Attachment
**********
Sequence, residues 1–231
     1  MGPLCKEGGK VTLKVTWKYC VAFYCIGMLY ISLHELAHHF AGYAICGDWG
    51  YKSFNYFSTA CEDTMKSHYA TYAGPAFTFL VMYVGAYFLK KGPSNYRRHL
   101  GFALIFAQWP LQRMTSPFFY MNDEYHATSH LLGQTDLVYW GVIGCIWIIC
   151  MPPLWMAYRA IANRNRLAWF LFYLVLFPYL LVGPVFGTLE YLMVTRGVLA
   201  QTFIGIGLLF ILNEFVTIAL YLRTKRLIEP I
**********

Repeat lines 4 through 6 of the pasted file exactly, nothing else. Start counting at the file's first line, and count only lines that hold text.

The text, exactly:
   101  GFALIFAQWP LQRMTSPFFY MNDEYHATSH LLGQTDLVYW GVIGCIWIIC
   151  MPPLWMAYRA IANRNRLAWF LFYLVLFPYL LVGPVFGTLE YLMVTRGVLA
   201  QTFIGIGLLF ILNEFVTIAL YLRTKRLIEP I